Principles of Managerial Finance. Lawrence J. Gitman Chad J. Zutter

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1 Global edition Principles of Managerial Finance Fourteenth edition Lawrence J. Gitman Chad J. Zutter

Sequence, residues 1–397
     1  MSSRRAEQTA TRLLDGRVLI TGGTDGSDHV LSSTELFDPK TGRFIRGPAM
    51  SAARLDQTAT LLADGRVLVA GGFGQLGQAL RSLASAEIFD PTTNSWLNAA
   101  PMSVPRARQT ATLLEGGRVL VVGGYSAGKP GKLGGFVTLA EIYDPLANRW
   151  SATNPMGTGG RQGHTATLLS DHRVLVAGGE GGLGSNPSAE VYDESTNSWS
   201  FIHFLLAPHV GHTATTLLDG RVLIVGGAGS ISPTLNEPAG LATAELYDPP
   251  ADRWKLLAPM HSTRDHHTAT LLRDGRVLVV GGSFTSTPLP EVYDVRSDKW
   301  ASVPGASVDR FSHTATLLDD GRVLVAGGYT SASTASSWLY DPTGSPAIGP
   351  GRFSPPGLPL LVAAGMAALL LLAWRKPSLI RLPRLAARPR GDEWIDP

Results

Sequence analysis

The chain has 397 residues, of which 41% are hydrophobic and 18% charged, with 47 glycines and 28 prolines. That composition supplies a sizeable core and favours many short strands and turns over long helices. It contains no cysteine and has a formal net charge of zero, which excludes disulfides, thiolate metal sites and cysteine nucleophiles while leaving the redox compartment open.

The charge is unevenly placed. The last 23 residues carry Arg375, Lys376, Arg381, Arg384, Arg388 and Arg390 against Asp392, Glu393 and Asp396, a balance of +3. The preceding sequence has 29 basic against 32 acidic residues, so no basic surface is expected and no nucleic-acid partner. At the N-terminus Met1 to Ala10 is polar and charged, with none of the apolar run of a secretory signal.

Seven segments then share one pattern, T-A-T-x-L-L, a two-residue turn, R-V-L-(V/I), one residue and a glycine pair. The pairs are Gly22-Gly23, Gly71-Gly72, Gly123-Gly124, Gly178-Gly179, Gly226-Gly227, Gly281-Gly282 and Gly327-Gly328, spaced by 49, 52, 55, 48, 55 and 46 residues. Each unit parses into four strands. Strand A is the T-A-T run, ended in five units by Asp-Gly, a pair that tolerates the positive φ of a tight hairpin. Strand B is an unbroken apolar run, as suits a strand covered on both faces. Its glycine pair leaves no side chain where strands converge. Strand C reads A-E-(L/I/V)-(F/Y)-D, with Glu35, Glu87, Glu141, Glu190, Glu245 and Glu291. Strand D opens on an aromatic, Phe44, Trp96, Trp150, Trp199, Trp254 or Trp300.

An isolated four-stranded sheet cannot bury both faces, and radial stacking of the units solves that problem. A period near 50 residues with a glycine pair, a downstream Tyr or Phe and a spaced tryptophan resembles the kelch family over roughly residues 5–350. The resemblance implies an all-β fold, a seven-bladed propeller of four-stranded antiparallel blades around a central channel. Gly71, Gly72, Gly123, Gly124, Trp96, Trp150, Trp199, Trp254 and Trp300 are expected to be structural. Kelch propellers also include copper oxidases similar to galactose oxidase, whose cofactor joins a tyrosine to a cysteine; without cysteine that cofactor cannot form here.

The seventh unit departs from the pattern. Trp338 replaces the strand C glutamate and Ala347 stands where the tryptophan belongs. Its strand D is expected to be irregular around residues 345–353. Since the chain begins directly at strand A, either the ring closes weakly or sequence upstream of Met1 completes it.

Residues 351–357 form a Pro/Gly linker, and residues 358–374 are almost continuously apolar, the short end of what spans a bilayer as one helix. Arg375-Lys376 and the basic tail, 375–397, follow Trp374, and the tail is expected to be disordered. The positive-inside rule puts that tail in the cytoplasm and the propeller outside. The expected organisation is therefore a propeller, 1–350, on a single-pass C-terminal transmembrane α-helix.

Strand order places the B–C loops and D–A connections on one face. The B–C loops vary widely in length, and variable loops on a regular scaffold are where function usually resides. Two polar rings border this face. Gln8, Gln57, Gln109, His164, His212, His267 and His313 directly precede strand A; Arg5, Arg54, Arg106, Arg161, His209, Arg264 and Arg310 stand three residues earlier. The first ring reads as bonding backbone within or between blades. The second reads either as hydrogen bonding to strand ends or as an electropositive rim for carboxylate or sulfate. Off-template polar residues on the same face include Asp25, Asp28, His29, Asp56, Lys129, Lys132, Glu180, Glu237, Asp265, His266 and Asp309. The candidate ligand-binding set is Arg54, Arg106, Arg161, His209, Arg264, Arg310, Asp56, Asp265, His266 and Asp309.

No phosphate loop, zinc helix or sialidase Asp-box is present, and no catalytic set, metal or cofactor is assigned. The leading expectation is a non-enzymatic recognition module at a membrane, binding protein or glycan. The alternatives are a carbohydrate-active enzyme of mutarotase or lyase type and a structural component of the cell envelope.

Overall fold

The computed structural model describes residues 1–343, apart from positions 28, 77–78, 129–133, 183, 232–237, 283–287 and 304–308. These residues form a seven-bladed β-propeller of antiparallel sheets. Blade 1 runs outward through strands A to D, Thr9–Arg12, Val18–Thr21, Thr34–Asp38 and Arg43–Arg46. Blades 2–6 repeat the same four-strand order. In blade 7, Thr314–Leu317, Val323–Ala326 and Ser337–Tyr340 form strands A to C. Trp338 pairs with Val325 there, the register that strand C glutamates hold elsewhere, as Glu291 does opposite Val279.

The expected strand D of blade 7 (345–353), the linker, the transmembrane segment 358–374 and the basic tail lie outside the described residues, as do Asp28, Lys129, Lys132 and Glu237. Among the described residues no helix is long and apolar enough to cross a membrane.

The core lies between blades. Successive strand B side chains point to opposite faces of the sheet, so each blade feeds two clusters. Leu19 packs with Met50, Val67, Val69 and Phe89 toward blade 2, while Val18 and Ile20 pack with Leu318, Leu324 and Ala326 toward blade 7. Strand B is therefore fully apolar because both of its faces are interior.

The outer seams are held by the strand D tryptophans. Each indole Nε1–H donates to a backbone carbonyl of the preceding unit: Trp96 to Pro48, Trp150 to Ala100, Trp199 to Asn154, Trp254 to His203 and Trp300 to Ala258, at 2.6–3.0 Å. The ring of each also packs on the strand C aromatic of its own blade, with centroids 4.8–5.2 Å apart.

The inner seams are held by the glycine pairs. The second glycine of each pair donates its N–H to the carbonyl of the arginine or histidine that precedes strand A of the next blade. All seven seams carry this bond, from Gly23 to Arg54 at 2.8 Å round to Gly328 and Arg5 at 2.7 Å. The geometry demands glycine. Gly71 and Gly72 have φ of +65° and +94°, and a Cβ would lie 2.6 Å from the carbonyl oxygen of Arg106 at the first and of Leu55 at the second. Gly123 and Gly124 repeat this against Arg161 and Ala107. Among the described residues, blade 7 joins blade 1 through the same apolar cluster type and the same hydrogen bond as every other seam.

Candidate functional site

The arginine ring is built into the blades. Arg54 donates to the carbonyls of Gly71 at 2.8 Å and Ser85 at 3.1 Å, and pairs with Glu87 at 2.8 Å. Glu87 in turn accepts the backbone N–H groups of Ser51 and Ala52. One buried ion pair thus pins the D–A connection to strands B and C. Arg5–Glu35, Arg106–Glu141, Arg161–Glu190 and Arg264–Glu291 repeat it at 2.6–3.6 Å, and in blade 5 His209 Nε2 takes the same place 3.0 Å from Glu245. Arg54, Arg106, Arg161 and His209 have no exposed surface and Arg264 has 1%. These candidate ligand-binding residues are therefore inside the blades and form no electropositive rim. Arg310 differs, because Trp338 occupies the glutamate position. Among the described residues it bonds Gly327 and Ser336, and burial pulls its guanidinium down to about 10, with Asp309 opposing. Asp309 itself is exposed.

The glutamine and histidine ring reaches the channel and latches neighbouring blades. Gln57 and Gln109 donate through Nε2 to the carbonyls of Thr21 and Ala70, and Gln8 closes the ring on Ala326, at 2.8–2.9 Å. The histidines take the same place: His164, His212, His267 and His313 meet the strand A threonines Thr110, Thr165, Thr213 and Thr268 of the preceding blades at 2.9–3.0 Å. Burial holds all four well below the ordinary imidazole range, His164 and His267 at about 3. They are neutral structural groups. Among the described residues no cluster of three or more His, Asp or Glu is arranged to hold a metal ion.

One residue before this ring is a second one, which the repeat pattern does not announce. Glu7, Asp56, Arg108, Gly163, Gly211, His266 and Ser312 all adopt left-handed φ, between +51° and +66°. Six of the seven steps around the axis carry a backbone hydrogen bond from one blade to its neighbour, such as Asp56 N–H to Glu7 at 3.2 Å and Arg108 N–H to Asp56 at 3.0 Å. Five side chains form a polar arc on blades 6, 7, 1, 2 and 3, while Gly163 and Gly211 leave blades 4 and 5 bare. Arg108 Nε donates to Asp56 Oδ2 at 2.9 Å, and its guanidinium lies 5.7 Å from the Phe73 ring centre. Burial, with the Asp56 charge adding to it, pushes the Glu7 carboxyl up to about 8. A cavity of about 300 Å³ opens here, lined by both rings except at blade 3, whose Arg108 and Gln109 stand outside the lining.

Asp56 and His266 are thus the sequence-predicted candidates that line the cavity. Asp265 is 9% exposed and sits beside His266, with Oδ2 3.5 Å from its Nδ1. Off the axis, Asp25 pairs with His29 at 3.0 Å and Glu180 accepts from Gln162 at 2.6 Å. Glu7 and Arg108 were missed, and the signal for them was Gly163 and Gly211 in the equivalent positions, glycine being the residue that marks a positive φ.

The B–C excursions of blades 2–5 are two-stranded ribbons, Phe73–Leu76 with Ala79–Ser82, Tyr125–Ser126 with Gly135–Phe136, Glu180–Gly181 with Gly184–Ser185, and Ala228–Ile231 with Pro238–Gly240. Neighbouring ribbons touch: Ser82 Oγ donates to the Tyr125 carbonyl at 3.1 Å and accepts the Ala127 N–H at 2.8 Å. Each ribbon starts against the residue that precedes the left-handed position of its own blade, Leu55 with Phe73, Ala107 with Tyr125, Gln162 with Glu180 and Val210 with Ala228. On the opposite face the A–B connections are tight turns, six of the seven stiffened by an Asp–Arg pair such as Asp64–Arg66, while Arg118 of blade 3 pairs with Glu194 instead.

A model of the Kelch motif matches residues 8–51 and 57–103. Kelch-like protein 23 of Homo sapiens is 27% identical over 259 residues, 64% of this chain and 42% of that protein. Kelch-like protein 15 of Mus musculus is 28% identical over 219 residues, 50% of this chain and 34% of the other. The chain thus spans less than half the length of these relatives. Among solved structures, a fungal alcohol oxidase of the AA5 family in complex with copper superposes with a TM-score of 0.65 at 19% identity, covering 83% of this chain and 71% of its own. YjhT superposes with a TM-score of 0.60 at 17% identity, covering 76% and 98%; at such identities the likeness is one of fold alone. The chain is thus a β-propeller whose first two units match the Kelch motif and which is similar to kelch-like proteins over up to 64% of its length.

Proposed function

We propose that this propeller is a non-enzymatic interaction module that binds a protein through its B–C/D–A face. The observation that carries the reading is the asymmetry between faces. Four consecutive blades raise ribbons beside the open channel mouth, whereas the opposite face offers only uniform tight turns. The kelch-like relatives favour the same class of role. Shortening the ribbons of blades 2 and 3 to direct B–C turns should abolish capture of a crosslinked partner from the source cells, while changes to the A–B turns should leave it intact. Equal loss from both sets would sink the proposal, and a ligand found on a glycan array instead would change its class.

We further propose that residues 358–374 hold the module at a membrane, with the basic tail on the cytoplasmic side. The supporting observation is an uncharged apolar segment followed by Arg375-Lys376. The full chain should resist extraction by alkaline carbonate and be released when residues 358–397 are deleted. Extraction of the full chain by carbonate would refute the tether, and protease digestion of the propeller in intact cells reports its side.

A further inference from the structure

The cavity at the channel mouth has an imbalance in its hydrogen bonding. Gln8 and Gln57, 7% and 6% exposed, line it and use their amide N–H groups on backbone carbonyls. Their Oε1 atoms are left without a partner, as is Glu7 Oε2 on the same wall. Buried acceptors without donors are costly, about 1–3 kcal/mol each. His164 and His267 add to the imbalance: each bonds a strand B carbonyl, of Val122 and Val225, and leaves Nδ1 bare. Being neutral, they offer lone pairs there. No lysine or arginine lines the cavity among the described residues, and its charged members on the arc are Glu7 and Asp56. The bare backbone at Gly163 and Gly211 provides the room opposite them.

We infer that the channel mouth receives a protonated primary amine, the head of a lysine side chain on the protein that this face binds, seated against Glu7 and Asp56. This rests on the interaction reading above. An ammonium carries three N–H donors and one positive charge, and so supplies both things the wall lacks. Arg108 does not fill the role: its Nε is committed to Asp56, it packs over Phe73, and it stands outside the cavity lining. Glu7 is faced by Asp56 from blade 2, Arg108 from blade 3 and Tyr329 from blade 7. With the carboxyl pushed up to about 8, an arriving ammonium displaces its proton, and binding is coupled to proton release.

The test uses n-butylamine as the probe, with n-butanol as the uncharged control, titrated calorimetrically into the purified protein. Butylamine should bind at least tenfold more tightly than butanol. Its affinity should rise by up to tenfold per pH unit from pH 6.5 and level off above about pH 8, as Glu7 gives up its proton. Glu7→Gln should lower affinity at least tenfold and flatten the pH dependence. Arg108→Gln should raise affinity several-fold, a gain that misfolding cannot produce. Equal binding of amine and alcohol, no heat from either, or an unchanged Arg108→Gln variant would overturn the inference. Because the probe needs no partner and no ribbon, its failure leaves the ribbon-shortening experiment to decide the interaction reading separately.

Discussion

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3 278 Part 3 Valuation of Securities Figure 6.2 Impact of Inflation Relationship between annual rate of inflation and 3-month U.S. Treasury bill average annual returns, Annual Rate (%) Treasury Bill Rates and Inflation T-bills a 2 2 Inflation b Year a Average annual rate of return on 3-month U.S. Treasury bills. b Annual percentage change in the consumer price index. Sources: Data from selected Federal Reserve Bulletins and U.S. Department of Labor Bureau of Labor Statistics. Term Structure of Interest Rates term structure of interest rates The relationship between the maturity and rate of return for bonds with similar levels of risk. yield curve A graphic depiction of the term structure of interest rates. yield to maturity (YTM) Compound annual rate of return earned on a debt security purchased on a given day and held to maturity. inverted yield curve A downward-sloping yield curve indicates that short-term interest rates are generally higher than long-term interest rates. normal yield curve An upward-sloping yield curve indicates that long-term interest rates are generally higher than short-term interest rates. The term structure of interest rates is the relationship between the maturity and rate of return for bonds with similar levels of risk. A graph of this relationship is called the yield curve. A quick glance at the yield curve tells analysts how rates vary between short-, medium-, and long-term bonds, but it may also provide information on where interest rates and the economy in general are headed in the future. Usually, when analysts examine the term structure of interest rates, they focus on Treasury securities because they are generally considered to be free of default risk. Yield Curves A bond s yield to maturity (YTM) (discussed later in this chapter) represents the compound annual rate of return that an investor earns on the bond, assuming that the bond makes all promised payments and the investor holds the bond to maturity. In a yield curve, the yield to maturity is plotted on the vertical axis and time to maturity is plotted on the horizontal axis. Figure 6.3 shows three yield curves for U.S. Treasury securities: one at May 22, 1981, a second at September 29, 1989, and a third at May 20, Observe that both the position and the shape of the yield curves change over time. The yield curve of May 22, 1981, indicates that short-term interest rates at that time were above longer-term rates. For reasons that a glance at the figure makes obvious, this curve is described as downward sloping. Interest rates in May 1981 were also quite high by historical standards, so the overall level of the yield curve is high. Historically, a downward-sloping yield curve, which is sometimes called an inverted yield curve, occurs infrequently and is often a sign that the economy is weakening. Most recessions in the United States have been preceded by an inverted yield curve. Usually, short-term interest rates are lower than long-term interest rates, as they were on May 20, That is, the normal yield curve is upward sloping. Notice that the May 2013 yield curve lies entirely beneath the other two curves